Solid shapes  cube  tetrahedron  octahedron  icosahedron  dodecahedron  other shapes  Euler's formula  glossary  for teachers
There are five Platonic solids: cube, tetrahedron, octahedron, icosahedron and dodecahedron. These are convex regular polyhedra. Convex means that the vertices (corners) stick out rather than in. A regular polyhedron has all its faces and angles between them the same.
There are other solids which are not so regular which are wellknown.

The regular pyramid is a tetrahedron, which is made entirely of triangles, even its base. However, the pyramids in Egypt at Giza are square pyramids. Here is a net to make one for yourself. It is not a regular polyhedron, since it uses a square as well as triangles. The volume of a pyramid is a third the area of the base times the height. 

The cuboid is similar to a cube, but is made of rectangles rather than squares. It is also known as a right cuboid, rectangular box, rectangular hexahedron, right rectangular prism, or rectangular parallelepiped. (Sometimes the word 'cuboid' has a more general meaning.) There are 6 cuboid faces. Opposite sides are identical rectangles. A lot of food packages are cuboids. Here is a net to make a cuboid for yourself. It is not a regular polyhedron, since it uses rectangles which are not regular shapes. While all the angles of a rectangle are the same, it does not have all sides the same. Only opposite sides are. If the sides of a cuboid are a, b and c, then the volume is abc. 
Cube Octahedron 
A cube octahedron is an attractive shape with faces that are squares and triangles. It has only 14 faces (6 squares and 8 triangles), so it is quite easy to make. 
Here is its net. Print it out, stick it on thin card, score along the lines and fold them, form the shape, then stick it together with small amounts of glue. For more details, see the notes for the net of a cube. A cube octahedron makes a good base for a star. 
There is a story that a scientist discovered what the molecule of a new form of carbon looked like. He found that it was an interesting shape, a bit like a ball, but made of hexagons and pentagons arranged in a regular pattern. He was very excited and rang up a friend who was a mathematician to boast of this new shape that he'd found. The mathematician told him to look at a soccer ball! Even footballers can't get away from mathematics.
A buckyball has 32 faces, that is, 20 hexagons and 12 pentagons. This shape is called a buckyball after Richard Buckminster Fuller, who invented the geodesic dome. If you look at the football, you will see that it is not really a polyhedron with flat faces. It is made of leather which stretches slightly. So when it is stuffed or blown up, the centres of each face bulge out slightly. This makes a better sphere. 
Here is a net of a buckyball. See the notes for the net of a cube to see how to print this net and make your own buckyball. I'm afraid that I've left the tabs out of this one. Add them on every other side of the edges of the net. I suggest that you do NOT start on this net first! Try a simpler one to get used to the idea.
It is easy to make an attractive star. Start with a shape such as an octahedron or a cube octahedron. Make this shape up (the nets are provided on this site) and wait for it to dry.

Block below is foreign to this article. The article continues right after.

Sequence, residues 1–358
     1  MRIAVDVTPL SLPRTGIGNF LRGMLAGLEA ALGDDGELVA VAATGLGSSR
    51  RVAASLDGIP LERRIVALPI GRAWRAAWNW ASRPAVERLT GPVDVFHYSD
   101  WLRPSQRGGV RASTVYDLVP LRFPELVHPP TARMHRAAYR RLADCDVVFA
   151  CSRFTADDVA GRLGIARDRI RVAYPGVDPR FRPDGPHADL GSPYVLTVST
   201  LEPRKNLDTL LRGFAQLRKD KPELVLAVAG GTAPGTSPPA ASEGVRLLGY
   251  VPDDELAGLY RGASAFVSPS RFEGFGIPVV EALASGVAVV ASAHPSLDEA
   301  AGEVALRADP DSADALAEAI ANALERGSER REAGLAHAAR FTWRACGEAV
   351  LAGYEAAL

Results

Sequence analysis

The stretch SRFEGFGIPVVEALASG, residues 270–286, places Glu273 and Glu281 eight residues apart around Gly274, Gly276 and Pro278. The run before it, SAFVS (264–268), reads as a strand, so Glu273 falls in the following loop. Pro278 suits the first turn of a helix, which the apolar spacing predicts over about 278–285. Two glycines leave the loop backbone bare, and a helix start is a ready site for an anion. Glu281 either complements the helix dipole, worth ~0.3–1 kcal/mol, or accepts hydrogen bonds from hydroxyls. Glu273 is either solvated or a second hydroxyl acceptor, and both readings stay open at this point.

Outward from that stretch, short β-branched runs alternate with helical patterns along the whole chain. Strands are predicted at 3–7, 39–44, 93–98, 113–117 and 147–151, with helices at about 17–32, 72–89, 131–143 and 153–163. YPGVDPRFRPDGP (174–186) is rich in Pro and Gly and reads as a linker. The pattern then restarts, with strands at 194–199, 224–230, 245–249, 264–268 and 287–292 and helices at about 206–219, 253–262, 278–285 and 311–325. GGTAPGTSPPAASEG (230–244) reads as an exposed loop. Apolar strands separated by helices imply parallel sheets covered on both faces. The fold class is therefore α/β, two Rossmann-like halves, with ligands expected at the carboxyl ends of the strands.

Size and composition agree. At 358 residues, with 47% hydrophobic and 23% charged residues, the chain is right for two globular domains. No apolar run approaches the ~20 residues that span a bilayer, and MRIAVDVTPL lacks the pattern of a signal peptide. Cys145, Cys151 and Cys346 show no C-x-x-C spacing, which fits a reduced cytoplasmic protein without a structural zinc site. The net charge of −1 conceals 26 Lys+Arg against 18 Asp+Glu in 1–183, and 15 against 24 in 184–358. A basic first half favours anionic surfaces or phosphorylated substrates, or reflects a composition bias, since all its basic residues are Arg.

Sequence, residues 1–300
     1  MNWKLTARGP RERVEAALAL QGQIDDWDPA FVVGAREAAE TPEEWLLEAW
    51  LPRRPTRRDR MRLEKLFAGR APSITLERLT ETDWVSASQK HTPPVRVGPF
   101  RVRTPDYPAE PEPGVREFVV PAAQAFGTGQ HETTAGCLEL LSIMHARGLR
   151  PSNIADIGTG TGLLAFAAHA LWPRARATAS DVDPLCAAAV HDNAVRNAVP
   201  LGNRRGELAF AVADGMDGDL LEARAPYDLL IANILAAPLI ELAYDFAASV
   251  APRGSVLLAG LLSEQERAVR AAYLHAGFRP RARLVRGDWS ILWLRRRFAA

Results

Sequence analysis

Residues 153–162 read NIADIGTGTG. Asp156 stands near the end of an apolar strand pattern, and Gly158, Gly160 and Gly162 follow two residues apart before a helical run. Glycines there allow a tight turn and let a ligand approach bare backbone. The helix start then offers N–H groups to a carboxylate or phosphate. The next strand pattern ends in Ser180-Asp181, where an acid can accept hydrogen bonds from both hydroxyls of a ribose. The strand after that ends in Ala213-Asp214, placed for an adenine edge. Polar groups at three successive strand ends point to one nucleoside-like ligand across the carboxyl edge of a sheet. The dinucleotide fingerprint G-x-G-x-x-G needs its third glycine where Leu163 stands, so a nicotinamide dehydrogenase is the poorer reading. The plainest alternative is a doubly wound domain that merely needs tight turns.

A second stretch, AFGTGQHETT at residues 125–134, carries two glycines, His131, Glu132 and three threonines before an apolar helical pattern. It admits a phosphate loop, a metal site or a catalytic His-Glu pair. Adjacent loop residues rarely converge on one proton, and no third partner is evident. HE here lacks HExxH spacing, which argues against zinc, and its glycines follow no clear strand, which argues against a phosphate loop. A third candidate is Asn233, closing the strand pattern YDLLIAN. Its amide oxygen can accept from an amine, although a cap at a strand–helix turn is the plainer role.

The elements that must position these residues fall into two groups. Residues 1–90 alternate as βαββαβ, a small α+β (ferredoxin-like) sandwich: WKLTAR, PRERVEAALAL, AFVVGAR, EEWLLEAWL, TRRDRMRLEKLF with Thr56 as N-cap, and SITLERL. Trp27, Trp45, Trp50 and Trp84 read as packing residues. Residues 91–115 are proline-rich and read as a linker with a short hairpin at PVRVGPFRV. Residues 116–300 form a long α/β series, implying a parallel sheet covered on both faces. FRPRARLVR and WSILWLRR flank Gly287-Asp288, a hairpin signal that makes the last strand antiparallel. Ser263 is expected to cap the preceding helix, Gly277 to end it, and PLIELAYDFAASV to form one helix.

Now make the points. You will need one for each face. Here are the nets for the cube octahedron, but you will need 6 of the foursided points and 8 of the 3sided points. These don't make a solid, and there are tabs round the hole at the bottom. If you want, you can make a taller point, which will make a more pointy star. Experiment for yourself! Remember that the base of the point must match the edge of the original shape, and the triangles must be isosceles (with two sides the same). Once you have made all the points, and allowed the glue to dry, carefully glue each one to each face of the original solid. Once finished and dry, you can paint it, or stick shiny foil on each point, or cover it with glitter. 
Any shape can be used as a base, but very simple shapes will not give a particularly convincing star, and complicated shapes will take a lot of work and gluing! Here is a very complicated star indeed, but I must admit that it was made from a kit from Tarquin. 
It is impossible to make a perfect sphere (ball or globe) from a flat sheet of paper. Paper can curve in one direction, but cannot curve in two directions at the same time. So all spheres made from paper or card will be approximations. Probably the best way to make a sphere is to make a polyhedron with a large number of sides. A football is a buckyball, for example, and you can make a ball from a dodecahedron or an icosahedron. In these cases, the material of the surface stretches a little to make a better sphere, since the faces are not flat but bulge out in the centre.
Another way to make a sphere is with pointed ellipses. Globes can be made this way, since the edges of the net run along longitudes. This would be easier if you were sticking the map of the globe onto an existing ball, but I think it would be tricky to make a sphere like this with just this net. All those points meeting at the 'poles' would be very difficult to stick together. It would be a good idea to have a small disc of paper to stick over each pole to hold them together. I've left out the tabs as well, as I'm not sure where they would go.
If you want to make a globe, here are some websites to help you.
© Jo Edkins 2007  Return to Solids index